Le Mans '69

MixedMedia / Acrylic on Canvas
on 1.8” / 45 mm Wooden Museum Frame
63” x 43” / 160 x 110 cm


with Original signatures from Racing Legends
Jacky Ickx & Hans Herrmann

not for sale

The most spectacular car of 1969 was the new Porsche 917 L with an aircooled 12-cylinder engine. Rolf Stommelen took pole position in a 917 L travelling at almost 400 km/h. The first 917 models were regarded as being practically impossible to drive. A fatal accident occurred with a 917 on the first lap, with the remaining two 917’s dropping out after 21 hours before completing half the course.


The Porsche 908 from Herrmann and Larrousse and the Ford GT40 from John Wyer’s team driven by Ickx and Oliver were head to head three hours before the finish. What developed was one of the most exciting Le Mans finales of all time. The 908 was faster than the GT40 on the straights, but the latter enjoyed the advantage in the curves. The cars continually leapfrogged each other, with Hans Herrmann passing the Ford on the long straights and Jacky Ickx countering in the curves before the finish line. However, the full distance of 24 hours was unfortunately not achieved, with Ickx and Herrmann passing the finish line with 20 seconds to go. Consequently, both of them were forced to complete an unplanned additional lap – Herrmann with practically no brakes and Ickx almost out of fuel. Ickx used the deception of his indicator to signal that he was running out of fuel, letting Herrmann pass him so as to drive in his slipstream – and managed to overtake again at the end of the Hunaudieres straight.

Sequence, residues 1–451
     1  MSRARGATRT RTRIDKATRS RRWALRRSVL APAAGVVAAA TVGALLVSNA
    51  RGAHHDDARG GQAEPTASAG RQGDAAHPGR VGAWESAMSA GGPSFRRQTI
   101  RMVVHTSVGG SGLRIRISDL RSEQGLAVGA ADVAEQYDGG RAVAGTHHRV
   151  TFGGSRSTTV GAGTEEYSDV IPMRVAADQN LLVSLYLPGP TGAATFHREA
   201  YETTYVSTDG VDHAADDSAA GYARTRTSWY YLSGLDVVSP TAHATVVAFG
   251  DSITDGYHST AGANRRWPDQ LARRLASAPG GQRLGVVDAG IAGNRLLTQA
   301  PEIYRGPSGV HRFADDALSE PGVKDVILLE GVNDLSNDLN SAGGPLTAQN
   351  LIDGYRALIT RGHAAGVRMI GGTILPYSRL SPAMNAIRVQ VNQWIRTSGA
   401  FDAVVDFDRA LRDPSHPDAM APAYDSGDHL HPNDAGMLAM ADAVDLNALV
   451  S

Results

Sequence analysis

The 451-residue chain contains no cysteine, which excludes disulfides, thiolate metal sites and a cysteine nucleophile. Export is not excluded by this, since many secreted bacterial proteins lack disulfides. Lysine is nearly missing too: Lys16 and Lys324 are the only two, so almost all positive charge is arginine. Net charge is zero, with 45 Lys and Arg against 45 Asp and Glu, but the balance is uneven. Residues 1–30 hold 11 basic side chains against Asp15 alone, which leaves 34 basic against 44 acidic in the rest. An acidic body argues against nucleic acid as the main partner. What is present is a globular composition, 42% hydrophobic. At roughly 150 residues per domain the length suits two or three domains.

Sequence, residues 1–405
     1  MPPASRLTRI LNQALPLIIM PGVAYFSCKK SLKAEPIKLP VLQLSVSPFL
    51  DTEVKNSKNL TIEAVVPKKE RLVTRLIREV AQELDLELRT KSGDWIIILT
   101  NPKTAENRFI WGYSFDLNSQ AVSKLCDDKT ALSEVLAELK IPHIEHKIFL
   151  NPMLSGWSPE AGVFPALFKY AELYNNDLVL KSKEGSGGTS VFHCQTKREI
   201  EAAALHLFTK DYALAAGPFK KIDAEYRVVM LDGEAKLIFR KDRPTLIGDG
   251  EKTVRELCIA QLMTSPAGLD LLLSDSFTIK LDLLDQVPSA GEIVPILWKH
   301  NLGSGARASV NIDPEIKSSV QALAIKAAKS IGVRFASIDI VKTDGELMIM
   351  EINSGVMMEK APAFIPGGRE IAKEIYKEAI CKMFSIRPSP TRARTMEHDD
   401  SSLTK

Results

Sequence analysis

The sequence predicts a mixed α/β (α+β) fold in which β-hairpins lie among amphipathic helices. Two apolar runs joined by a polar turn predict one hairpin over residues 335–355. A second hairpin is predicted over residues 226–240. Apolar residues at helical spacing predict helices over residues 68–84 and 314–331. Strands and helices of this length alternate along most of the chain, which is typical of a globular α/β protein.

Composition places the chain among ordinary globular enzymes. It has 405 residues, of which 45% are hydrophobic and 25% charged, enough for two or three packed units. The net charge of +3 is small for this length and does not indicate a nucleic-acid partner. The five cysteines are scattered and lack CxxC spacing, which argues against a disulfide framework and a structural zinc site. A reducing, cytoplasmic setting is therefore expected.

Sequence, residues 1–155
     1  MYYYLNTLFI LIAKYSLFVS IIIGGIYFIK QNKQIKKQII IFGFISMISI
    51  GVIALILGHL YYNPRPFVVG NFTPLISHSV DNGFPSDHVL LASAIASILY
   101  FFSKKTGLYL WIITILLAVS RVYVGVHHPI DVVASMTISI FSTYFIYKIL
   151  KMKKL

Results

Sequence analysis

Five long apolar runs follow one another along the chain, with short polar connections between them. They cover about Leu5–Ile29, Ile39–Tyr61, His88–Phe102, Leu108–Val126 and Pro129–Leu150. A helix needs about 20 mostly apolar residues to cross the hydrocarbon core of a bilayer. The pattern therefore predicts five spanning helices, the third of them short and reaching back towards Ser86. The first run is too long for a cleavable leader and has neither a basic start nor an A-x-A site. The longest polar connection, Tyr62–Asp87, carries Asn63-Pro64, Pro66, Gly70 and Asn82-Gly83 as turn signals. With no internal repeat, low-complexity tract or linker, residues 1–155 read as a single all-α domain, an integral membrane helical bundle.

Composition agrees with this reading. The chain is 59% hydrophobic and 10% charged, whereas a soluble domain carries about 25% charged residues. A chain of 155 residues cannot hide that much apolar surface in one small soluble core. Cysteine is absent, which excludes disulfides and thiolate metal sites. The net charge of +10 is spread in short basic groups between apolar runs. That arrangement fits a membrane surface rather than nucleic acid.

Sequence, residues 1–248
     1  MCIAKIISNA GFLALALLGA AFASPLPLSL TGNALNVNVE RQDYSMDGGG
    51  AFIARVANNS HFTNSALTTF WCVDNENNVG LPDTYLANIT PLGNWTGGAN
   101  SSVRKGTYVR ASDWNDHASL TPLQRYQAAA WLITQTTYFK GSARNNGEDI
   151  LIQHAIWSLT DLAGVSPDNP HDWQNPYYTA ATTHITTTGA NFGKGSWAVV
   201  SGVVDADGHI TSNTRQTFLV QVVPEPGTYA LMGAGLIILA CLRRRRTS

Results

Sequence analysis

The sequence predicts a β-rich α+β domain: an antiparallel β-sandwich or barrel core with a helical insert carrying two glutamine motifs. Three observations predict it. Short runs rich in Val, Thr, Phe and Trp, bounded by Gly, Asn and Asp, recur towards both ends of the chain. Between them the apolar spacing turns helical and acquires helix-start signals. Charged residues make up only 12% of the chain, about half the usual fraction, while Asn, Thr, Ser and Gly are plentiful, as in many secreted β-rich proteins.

Ickx finished with a lead of only a few metres. It was the fourth and last victory in succession gained by a GT40, the vehicle called “Grandmother”. For the 24-year-old Jacky Ickx, this was the first of six victories at Le Mans.